Waiting on mortgage rates to move down?

April 10th, 2013

Get ready to fire up your favorite mortgage calculator -- mortgage rates may be on the move again.

Nothing dramatic has happened to mortgage rates yet. After reaching their high for the year at 3.63 percent in mid-March, 30-year mortgage rates were back down to 3.54 percent by the first week of April. However, if other financial changes are any indication, a bigger move might be in store, which could have important implications for anyone looking to buy a house or refinance a mortgage. That's where consulting a loan calculator might come in handy.

Two developments may prove noteworthy for mortgage rates:

  1. Oil prices take a sudden drop. After ending March above $97, by the fourth day of April the price of a barrel of oil had suddenly dropped below $93, a decline of more than 4 percent in less than a week. Falling oil prices would take some of the edge off of inflation, which had flared up suddenly in February. Mortgage rates, in turn, tend to be very sensitive to inflationary trends.
  2. Bond yields decline sharply. Ten-year Treasury yields peaked at 2.06 percent in early March, and have since fallen by 30 basis points. Mortgage rates also peaked by around the same point and have since fallen, but they have not yet declined by anything close to 30 basis points.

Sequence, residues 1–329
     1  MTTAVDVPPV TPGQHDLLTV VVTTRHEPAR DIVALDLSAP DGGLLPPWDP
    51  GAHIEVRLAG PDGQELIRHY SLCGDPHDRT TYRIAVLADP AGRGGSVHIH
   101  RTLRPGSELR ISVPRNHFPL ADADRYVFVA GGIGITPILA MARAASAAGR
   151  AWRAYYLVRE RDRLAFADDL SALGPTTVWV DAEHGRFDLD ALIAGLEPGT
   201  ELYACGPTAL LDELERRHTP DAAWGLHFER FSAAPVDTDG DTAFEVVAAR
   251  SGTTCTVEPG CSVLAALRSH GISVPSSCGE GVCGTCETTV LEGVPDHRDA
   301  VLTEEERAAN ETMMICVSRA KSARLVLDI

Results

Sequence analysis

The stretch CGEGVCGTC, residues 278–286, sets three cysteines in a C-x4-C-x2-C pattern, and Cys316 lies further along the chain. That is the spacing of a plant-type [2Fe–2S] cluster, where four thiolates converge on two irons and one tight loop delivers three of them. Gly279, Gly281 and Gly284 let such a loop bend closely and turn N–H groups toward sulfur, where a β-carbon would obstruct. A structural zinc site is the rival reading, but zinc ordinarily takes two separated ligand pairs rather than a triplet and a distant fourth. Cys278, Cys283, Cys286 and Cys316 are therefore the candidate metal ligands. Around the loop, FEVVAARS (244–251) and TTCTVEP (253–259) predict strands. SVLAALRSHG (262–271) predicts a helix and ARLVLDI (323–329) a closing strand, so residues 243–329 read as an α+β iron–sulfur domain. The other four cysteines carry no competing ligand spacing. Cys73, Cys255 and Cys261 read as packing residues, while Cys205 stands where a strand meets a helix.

There is a good news/bad news component to both of these declines. Most consumers would welcome both lower gasoline prices and lower interest rates. However, an underlying reason for weakness in both oil prices and interest rates often comes down to concern about the strength of the economy. For potential home buyers, that could adversely affect their financial condition as well as the general availability of home loans. People interested in refinancing share those concerns as well as the worry that a setback for the economy could snuff out the recent rally in home prices.

As for what's next for mortgage rates, there are many factors which will influence the outcome. However, since inflation is especially prominent among those factors, and since bond yields and mortgage rates are sensitive to many of the same things, the above changes mean it will be worth keeping a close eye on the mortgage market in the weeks ahead.

Posted By :

Richard Barrington has earned the CFA designation and is a 20-year veteran of the financial industry, including having previously served for over a dozen years as a member of the Executive Committee of Manning & Napier Advisors, Inc. Richard has written extensively on investment and personal finance topics.

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